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February 21, 2017

Review: Bellevue 1x1 (Canada: CBC)

Posted on February 21, 2017 | Post a comment | Bookmark and Share

Bellevue

In Canada: Mondays, 9pm, CBC

They say one of the reasons that Denmark likes its horrific murder-mysteries on TV so much is that it's one of the nicest places in the world to live. With no emotional darkness in their lives, allegedly, the happy old Hygge-filled Danes have to live vicariously through Nordic Noir.

I'm assuming that's why lovely, happy Canada appears to be developing its own equivalent. We've already seen CTV's Cardinal firmly embracing the darkness to pioneer 'Canadian Noir' and now we have CBC plummeting into similar territory, although putting its own, very CBC spin on it. Here, we have Anna Paquin (The Piano, X-MenTrue Blood) playing a cop in the small town of Bellevue, investigating the disappearance of a trans teenage hockey star. Has he been beaten by homophobic fans or is something more sinister afoot?

Suspecting a known paedophile who's moved into town, she's surprised when her suspect is expecting her and even more surprised when he hands her a note that appears to be from her father. Or at least whoever it was who pretended to be her father after he died. Because when Paquin was just a kid, a teenage girl was killed and posed as the Virgin Mary in the nativity, outside the local church. Paquin's cop dad was in charge of finding the killer and when he failed, he committed suicide. Except a few years later, Paquin started receiving riddles addressed to her by her dad…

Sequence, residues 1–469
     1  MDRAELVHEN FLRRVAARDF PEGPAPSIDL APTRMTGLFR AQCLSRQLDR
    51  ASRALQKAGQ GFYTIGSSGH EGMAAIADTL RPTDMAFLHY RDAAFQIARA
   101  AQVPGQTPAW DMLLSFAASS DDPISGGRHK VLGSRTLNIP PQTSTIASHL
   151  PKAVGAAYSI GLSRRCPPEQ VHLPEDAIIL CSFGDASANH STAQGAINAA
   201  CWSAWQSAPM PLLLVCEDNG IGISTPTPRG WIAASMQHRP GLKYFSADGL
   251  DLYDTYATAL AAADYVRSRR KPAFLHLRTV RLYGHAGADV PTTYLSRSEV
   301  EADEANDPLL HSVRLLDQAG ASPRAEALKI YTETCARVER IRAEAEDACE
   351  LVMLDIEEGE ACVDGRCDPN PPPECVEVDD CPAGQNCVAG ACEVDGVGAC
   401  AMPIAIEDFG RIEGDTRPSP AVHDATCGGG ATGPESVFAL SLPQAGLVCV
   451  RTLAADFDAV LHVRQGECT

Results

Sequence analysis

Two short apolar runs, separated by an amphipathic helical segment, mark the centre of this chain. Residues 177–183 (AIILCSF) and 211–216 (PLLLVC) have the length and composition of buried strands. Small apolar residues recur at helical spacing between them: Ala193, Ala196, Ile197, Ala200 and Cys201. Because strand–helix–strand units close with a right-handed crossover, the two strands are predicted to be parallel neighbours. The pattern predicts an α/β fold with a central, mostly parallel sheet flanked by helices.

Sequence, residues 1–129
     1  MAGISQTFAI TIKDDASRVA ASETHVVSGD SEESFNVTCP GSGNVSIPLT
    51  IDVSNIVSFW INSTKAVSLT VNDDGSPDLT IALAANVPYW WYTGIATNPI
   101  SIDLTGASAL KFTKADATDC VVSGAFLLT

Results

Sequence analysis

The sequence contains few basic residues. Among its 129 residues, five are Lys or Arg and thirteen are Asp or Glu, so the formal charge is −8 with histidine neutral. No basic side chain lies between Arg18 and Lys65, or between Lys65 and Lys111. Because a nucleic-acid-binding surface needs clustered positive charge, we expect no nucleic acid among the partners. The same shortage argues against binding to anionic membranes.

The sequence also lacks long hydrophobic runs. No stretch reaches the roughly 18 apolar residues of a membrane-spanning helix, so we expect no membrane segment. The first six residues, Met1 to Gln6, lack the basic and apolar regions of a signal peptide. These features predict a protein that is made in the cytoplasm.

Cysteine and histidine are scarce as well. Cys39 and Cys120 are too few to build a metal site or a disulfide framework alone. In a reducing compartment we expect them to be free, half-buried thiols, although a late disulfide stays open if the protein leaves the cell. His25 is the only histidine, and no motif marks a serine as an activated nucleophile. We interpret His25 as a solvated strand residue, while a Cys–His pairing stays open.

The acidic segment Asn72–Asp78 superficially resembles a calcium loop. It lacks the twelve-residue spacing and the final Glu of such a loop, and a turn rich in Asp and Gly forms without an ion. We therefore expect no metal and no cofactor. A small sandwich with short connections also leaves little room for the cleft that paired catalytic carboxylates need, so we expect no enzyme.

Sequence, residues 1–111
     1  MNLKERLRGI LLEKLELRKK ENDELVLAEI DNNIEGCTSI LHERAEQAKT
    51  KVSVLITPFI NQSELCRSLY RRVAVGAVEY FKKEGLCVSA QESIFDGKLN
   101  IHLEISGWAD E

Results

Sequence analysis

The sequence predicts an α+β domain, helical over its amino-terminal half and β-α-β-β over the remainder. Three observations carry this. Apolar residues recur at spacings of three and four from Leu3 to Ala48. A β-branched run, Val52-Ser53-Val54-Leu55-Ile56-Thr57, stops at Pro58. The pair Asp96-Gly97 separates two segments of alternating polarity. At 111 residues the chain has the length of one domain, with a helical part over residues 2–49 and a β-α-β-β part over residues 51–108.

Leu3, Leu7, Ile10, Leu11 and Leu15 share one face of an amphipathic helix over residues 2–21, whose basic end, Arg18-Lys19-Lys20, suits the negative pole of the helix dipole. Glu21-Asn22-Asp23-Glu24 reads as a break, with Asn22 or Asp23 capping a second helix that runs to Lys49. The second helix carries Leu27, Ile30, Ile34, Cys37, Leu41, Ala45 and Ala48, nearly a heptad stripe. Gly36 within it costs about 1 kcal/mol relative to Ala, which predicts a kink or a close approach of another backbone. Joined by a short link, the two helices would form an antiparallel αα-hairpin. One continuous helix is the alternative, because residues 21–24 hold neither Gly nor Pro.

Bellevue is a bit of a botch job. One moment it's trying to be The Killing (and failing). The next it's trying to be The Exorcist III (and failing). The next it's trying to be Broadchurch (and failing). It's hard to know what mood the story will be in from moment to moment, and everything joins together as smoothly as if the writer had been given a bucket of fish and a crochet kit and been asked to turn them into a Ford Fiesta.

To its credit, its efforts to show small-town Canadian life make it a little bit different from other shows, but the dialogue is pretty cringe-worthy, especially anything involving new cop in town Sharon Taylor (Stargate Atlantis). It has a fine cast, too, particularly Paquin who's given a chance to show off her Oscar-winning range, but also Shawn Doyle (Endgame, Frequency, Vegas, This Life) as her boss and substitute father-figure. 

However, Bellevue has very little else to go for it, so if you are going to watch some of this new breed of Canadian Noir, Cardinal is a superior choice by far.

February 17, 2017

Review: Imposters 1x1-1x2 (US: Bravo)

Posted on February 17, 2017 | Post a comment | Bookmark and Share

Imposters

In the US: Tuesdays, 10/9c, Bravo